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Women More Likely Than Men To Suffer Depression After Stroke

Date:
November 11, 2009
Source:
Center for Advancing Health
Summary:
Depression occurs in as many as one-third of patients after a stroke, and women are at somewhat higher risk, according to a large new review of studies. Post-stroke depression is associated with greater disability, reduced quality of life and an increased risk of death.
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Depression occurs in as many as one-third of patients after a stroke, and women are at somewhat higher risk, according to a large new review of studies. Post-stroke depression is associated with greater disability, reduced quality of life and an increased risk of death.

The systematic review appears in the November-December issue of the journal Psychosomatics.

Brittany Poynter, M.D., and colleagues from the University of Toronto looked at 56 studies on stroke and depression comprising more than 75,000 people, about 12,000 of them women. The time between the stroke and onset of depression ranged from less than two weeks to 15 years.

In women, rates of post-stroke depression ranged from about 6 percent to 78 percent, while in men depression rates ranged from 4.7 percent to about 65 percent.

These findings are important, Poynter said, because women who have had a stroke generally do more poorly than men. They tend to have higher rates of disability and longer hospitalization times. The authors say this might be due in part to higher rates of depression. In addition, "women may have less access to care," Poynter said.

"People think of stroke as a 'male' disease -- and it is slightly more common in men -- but because it increases with age, more women end up having strokes because they live longer," said Linda S. Williams, M.D., chief of neurology at the Roudebush VA Medical Center in Indianapolis. She is not associated with the review.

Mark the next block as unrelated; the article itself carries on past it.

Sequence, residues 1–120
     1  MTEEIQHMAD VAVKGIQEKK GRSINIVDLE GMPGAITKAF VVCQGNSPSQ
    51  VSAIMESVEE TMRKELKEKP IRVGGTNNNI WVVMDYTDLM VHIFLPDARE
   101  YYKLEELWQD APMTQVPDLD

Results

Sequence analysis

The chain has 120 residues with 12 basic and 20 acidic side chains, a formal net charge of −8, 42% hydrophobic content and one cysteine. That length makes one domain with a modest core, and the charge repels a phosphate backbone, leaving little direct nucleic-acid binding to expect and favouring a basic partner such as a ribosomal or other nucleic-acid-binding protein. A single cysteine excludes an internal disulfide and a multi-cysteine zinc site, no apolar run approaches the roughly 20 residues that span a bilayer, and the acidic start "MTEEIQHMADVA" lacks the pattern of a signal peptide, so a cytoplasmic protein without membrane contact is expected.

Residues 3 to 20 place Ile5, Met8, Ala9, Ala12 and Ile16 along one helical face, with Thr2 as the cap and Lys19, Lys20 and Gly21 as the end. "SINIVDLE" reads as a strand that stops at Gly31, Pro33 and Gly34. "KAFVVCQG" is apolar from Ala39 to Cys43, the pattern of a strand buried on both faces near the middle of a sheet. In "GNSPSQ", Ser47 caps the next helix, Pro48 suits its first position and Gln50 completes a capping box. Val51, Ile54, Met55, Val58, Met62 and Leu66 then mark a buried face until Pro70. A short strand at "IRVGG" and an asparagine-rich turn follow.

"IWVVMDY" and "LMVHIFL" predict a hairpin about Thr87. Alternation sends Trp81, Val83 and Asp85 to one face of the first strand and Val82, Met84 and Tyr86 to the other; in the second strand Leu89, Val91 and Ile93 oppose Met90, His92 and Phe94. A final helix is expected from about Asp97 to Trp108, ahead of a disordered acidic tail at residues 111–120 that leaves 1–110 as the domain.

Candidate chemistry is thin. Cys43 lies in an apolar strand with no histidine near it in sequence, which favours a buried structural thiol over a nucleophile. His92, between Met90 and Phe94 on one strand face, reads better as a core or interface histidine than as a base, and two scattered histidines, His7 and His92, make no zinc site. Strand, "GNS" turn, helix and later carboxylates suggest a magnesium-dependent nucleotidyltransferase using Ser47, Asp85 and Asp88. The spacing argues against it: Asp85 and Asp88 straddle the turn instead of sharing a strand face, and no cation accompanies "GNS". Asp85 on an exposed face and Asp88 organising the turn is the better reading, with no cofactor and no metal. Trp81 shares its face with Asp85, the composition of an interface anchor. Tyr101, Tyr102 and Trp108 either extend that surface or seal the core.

"Post-stroke depression is often unrecognized, both by the patient and the provider," Williams said. "Patients may have symptoms, but they think that's a natural reaction to having a stroke. Providers may think it is natural that the patient feels down after having this major life event. So there is a watch-and-see approach instead of a more of an aggressive screening-and-treatment approach."

It is uncertain what the best treatments for post-stroke depression might be. "There may be multiple treatments beyond antidepressants and counseling, such as exercise, physical rehabilitation and support groups," Poynter said. "A multimodal approach may be the most effective."

Both Poynter and Williams emphasized that all stroke patients should be routinely screened for depression.


Story Source:

The above post is reprinted from materials provided by Center for Advancing Health. Note: Materials may be edited for content and length.


Journal Reference:

  1. Poynter B, et al. Sex differences in the prevalence of post-stroke depression: a systematic review. Psychosomatics, 50(6), 2009

Cite This Page:

Center for Advancing Health. "Women More Likely Than Men To Suffer Depression After Stroke." ScienceDaily. ScienceDaily, 11 November 2009. <www.sciencedaily.com/releases/2009/11/091110210509.htm>.
Center for Advancing Health. (2009, November 11). Women More Likely Than Men To Suffer Depression After Stroke. ScienceDaily. Retrieved August 1, 2015 from www.sciencedaily.com/releases/2009/11/091110210509.htm
Center for Advancing Health. "Women More Likely Than Men To Suffer Depression After Stroke." ScienceDaily. www.sciencedaily.com/releases/2009/11/091110210509.htm (accessed August 1, 2015).

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